One of the organisers has kindly retrieved a telltale photo of this event. In the far left corner is the distinctive and suave figure of David Flint, in the very act of protesting.
On page three of The Sydney Morning Herald on August 5, 1976, appeared this report: “Mr David Flint, one of the participants said, ‘We are demonstrating about the actions of the governor-general on 11 November last year. We see his actions in sacking Mr Whitlam’s government as a gross misuse of powers.’ ”
How grievously I have misunderstood Flinty. I thought his subsequent teachings were all in favour of the viceroy’s reserve powers while deploring Whitlam’s “determination to rule unconstitutionally”.
The protest was condemned in a thundering SMH editorial: “The campaign [against the governor-general] is a sinister one, mounted, co-ordinated and paid for by sinister people for sinister reasons.”
Among the sinister people who snubbed the adorable GG were Tom Kelly, who went on to become the NSW public solicitor and a member of numerous statutory tribunals; Michael Sexton, now the solicitor-general for NSW; Robert Tickner, former minister for Aboriginal affairs and head of the Australian Red Cross; Susan Armstrong, assistant ombudsman; Professor Julian Disney, occupant of various chairs at various universities and later chairman of the Australian Press Council; and David Flint, who became leader of the Queen’s cheer squad Down Under.
The report of the protest in The Daily Mirror had the nostalgic byline “Colin Allan”. Yes, there was Col Pot on the beat, before he embarked on his career editing newspapers and hosing out sinks.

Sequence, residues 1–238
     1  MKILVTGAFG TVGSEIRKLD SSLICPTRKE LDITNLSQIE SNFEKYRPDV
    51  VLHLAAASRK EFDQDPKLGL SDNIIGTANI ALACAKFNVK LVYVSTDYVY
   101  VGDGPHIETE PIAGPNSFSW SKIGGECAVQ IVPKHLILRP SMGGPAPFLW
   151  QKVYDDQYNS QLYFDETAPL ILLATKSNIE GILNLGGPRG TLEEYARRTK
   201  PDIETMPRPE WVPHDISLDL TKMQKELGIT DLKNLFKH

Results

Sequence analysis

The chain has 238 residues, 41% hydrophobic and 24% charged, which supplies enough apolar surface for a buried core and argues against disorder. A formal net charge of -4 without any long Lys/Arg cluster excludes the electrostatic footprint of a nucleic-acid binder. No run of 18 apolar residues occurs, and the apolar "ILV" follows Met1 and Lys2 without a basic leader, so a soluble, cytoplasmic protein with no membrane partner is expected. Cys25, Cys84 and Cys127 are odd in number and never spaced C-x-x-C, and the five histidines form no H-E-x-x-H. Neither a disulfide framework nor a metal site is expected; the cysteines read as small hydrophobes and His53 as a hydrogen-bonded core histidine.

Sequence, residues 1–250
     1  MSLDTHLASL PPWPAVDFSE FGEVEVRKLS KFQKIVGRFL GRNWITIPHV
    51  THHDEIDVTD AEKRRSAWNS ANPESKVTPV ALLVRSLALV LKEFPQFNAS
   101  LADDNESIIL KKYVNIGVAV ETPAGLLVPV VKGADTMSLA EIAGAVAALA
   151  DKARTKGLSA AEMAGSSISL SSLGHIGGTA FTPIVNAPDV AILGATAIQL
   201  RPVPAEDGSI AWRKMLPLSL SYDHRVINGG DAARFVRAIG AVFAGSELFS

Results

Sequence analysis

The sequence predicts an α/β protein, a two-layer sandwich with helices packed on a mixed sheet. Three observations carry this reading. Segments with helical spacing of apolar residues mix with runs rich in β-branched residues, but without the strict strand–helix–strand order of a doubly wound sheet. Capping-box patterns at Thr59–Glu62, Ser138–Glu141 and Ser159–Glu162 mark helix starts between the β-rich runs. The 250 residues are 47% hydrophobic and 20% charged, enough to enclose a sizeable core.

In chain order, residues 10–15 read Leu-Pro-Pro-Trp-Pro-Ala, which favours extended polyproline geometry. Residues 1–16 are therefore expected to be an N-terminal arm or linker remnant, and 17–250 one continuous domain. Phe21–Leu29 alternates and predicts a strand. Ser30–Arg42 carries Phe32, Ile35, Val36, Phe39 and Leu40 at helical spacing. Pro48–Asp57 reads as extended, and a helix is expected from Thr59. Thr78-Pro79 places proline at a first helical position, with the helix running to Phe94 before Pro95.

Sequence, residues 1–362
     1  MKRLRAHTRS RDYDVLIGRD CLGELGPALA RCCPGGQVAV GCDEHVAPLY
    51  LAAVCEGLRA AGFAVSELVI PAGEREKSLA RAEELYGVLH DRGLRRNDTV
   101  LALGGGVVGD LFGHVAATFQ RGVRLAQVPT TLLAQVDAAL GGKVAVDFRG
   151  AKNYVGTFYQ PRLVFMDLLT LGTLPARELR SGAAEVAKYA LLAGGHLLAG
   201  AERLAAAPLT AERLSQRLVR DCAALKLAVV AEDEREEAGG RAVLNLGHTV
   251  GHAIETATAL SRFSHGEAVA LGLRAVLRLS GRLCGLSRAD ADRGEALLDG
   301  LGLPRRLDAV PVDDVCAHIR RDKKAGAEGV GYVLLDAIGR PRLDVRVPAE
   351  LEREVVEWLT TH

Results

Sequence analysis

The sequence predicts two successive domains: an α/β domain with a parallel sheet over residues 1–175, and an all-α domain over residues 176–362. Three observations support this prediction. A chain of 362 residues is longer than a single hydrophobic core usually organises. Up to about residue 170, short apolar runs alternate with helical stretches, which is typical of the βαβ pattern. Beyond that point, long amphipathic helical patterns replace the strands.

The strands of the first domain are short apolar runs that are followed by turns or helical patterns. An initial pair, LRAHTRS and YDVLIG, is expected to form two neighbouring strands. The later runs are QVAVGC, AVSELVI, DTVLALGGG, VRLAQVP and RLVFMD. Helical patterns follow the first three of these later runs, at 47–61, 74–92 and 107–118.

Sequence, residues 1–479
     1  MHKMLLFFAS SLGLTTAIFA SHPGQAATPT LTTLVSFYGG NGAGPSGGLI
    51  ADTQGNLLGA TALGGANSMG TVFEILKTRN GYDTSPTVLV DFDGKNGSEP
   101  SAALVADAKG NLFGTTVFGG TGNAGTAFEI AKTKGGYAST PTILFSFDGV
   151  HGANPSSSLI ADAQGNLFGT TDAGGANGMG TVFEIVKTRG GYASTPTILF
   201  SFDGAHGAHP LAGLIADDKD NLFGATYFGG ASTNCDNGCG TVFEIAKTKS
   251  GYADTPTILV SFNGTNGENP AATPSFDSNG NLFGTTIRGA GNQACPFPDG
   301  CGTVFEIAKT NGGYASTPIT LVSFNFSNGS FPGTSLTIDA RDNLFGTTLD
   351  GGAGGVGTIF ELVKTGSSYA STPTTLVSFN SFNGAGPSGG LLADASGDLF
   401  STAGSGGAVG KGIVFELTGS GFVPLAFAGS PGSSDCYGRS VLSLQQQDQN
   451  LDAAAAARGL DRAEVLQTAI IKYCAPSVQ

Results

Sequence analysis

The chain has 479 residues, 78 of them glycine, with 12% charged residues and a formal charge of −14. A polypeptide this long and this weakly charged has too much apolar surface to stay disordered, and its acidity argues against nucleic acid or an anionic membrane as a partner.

At least we know that Colly Wobbles will not be returning from his post in New York to run The Australian. As News Corp tissues caught up with the story that had been published elsewhere over a week before, the “Burst Kransky”, Chris Mitchell, is stepping down as the top editor and philosopher-in-chief at The Catholic Boys Daily.
He’ll be replaced by Paul Whittaker, the editor of the flagship comic strip, The Daily Smellograph.
So that ends speculations as to who would run the Oz, which ranged from Greg “Grouper” Sheridan to Michael Stutchbury from The Australian Financial Review to Chloe Deng Murdoch to Tony Abbott MP.
The official announcements put out by joint Moloch satraps Michael Miller and Peter Tonagh, made no mention of the idea, previously floated by Kransky, that he would retain a kinda spiritual oversight of the paper.
Instead, he has been relegated to the back of the book to bring his trademark lightness and whimsy to a weekly media column. Writing for the section will make a nice change from dictating it.
All this means we’re now able to get back to the serious task of tipping the next managing director and editor-in-chief of the ABC.
Again the rumour mill is wild with suggestions: Kimbo Williams, Michael Ebeid, of SBS, and Sky News’s Angelos Frangopoulos.
However, the sensible money is on Deanne Weir, deputy chairwoman of Screen Australia and on the boards of the Sydney Film Festival, Playwriting Australia, the Australian Women Donors Network, etc.